Library of Congress Control Number 2004113134 ISBN-10 3-540-40841-X Springer Berlin Heidelberg NewYork ISBN-13 978-3-540-40841-3 Springer Berlin Heidelberg NewYork ISSN 1613-5318

Nai-Kong V. Cheung, MD, PhD

(e-mail: [email protected])

Department of Pediatrics, Memorial Sloan-Kettering

Cancer Center, 1275 York Avenue, New York,

NY 10021, USA

Susan L. Cohn, MD

(e-mail: [email protected]) Department of Pediatrics and the Comprehensive Robert H. Lurie Cancer Center, Northwestern University, Feinberg School of Medicine, Children's Memorial Hospital 2300 Children's Plaza, Chicago, IL 60614, USA

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The rapid advances in our understanding of the biology and treatment of neuroblastoma make it difficult to keep up to date. The clinical facets of neuroblastoma are endlessly fascinating. Its "natural history" overtly displays the difference between cancer and a truly extraordinary non-malignant proliferative disease. An interesting and potentially promising research emphasis is to unravel the difference between the "good" and "bad" forms of the disease. Our interest in neuroblastoma was kindled by clinical observations going back many decades. For example, is it likely that neuroblastoma "metastasizes" from one adrenal to the other and to the posterior mediastinum, or that malignant secondary deposits in these three unlikely sites will disappear spontaneously? Our early observations of this phenomenon were made in the days when there were no effective treatments for neuroblastoma so it was easier willy-nilly to observe the natural history.

We have seen disease wax and wane over time, such as skin lesions which became increasingly mature with each new "crop"; thus, the last one seen at 36 months was diagnosed as a neurofibroma. The results coming from the screening programs underline these concepts. They have shown that many more infants actually harbor occult neuroblastoma than are diagnosed clinically (in the nonscreened cohort population). This establishes that most such foci would have regressed spontaneously had they not been de tected through screening. Observations such as these suggest that 4S neuroblastoma could teach us more about what clonal growth implies than clonal growth teaches us about neuroblastoma.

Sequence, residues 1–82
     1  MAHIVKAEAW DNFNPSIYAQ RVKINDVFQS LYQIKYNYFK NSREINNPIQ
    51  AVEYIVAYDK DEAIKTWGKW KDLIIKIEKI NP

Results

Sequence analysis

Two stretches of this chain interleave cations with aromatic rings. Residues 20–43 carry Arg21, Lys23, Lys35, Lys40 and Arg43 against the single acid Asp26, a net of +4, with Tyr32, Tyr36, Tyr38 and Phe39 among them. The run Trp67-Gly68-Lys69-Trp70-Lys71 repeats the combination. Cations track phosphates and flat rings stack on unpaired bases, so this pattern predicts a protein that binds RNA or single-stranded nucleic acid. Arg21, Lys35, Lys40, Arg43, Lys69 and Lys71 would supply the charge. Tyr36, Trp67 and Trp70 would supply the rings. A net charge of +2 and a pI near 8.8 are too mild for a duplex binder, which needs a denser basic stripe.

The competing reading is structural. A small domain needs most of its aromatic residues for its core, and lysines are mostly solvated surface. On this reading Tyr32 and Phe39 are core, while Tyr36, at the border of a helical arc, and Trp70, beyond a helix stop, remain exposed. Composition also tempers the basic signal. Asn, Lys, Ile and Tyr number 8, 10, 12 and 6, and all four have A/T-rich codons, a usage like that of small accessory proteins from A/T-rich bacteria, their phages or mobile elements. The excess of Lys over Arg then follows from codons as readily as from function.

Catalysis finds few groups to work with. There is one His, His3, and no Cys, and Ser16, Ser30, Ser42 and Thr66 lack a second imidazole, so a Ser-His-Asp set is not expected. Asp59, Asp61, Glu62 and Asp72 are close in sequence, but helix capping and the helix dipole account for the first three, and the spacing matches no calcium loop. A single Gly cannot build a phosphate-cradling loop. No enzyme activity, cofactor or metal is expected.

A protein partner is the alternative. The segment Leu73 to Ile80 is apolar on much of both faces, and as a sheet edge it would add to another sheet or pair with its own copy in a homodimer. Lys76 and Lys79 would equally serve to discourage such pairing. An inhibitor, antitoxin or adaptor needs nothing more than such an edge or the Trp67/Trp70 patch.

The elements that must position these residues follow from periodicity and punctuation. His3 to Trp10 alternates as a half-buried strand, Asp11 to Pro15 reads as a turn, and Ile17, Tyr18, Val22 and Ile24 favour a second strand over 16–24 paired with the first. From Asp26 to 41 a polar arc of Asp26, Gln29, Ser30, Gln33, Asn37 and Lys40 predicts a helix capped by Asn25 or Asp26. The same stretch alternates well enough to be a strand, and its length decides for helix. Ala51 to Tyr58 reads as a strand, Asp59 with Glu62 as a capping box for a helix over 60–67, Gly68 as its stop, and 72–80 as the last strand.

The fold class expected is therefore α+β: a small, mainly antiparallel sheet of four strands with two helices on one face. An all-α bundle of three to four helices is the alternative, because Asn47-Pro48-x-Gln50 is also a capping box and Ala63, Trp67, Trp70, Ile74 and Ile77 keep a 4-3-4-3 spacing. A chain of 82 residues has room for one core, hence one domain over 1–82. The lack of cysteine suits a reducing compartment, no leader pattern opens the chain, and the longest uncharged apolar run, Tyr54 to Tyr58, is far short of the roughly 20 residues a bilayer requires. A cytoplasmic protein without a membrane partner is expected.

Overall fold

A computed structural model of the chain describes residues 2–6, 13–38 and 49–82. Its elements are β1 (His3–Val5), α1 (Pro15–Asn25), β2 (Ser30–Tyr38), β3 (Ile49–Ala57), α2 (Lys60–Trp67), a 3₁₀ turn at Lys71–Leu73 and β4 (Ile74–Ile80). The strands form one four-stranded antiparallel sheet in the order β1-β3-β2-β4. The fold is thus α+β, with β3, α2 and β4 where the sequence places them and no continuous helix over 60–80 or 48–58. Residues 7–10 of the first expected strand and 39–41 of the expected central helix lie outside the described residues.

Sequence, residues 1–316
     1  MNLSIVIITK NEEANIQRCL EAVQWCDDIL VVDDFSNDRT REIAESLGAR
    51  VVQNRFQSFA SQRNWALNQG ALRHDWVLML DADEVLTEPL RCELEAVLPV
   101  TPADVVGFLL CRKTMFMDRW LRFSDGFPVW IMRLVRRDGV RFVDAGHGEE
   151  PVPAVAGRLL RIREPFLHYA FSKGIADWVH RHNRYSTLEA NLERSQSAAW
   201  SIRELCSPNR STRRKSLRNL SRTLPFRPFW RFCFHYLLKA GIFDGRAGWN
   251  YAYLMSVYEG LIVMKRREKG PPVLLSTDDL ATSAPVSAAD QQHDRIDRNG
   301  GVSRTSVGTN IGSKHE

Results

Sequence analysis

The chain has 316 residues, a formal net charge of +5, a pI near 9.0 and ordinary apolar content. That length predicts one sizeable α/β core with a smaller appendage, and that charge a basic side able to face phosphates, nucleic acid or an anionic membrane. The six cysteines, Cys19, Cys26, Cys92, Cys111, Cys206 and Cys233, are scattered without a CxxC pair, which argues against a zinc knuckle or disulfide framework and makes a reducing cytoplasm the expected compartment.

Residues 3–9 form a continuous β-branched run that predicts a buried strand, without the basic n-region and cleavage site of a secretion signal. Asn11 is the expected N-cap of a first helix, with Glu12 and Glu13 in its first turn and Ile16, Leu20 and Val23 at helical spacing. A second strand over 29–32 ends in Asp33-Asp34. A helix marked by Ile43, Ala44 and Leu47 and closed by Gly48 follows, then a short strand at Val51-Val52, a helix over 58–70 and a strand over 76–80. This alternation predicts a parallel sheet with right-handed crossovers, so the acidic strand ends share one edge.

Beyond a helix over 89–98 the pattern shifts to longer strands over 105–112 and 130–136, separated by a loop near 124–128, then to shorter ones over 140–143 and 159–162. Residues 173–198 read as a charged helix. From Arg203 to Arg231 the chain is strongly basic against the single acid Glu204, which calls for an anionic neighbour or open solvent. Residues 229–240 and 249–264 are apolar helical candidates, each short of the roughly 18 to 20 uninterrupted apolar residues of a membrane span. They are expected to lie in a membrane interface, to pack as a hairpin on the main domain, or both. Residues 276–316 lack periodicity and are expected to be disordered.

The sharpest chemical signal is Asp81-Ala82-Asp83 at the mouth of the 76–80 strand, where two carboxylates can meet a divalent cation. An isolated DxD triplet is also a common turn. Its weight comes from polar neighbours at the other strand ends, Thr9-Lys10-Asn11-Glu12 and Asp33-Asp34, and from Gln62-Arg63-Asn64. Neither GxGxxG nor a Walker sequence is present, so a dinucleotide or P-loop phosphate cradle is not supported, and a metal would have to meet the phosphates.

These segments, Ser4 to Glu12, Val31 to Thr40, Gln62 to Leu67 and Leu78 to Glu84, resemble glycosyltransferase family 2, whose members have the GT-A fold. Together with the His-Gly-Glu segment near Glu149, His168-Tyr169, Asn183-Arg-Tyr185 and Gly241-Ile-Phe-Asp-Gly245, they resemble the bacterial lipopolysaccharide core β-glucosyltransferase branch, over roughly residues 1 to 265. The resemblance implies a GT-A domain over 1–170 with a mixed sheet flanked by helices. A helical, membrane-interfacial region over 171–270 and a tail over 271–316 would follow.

Obviously neuroblastoma can be a relentless, malignant disease, and these children need far better therapies than we now can muster. But the future may not lie so much in new classes of compounds or even drug adjuvants. It lies, instead, in the final understanding of what makes neuroblastoma mature into ganglioneuroma or, even more importantly, what prompts it to disappear spontaneously. Success will be measured when widespread disease in children with high-risk neuroblastoma is made to vanish through molecular genetic manipulations. Then cure will have achieved its true and very special meaning: disappearance of a life-threatening malignant disease without incurring the side effects of currently available avenues of treatment.

Audrey E. Evans

Professor of Pediatrics, Emeritus at the University of Pennsylvania, Senior Physician, Children's Hospital of Philadelphia, Philadelphia, Pennsylvania

Giulio J. D'Angio

Professor of Radiation Oncology, Radiology and Pediatrics, Emeritus at the University of Pennsylvania, Philadelphia, Pennsylvania

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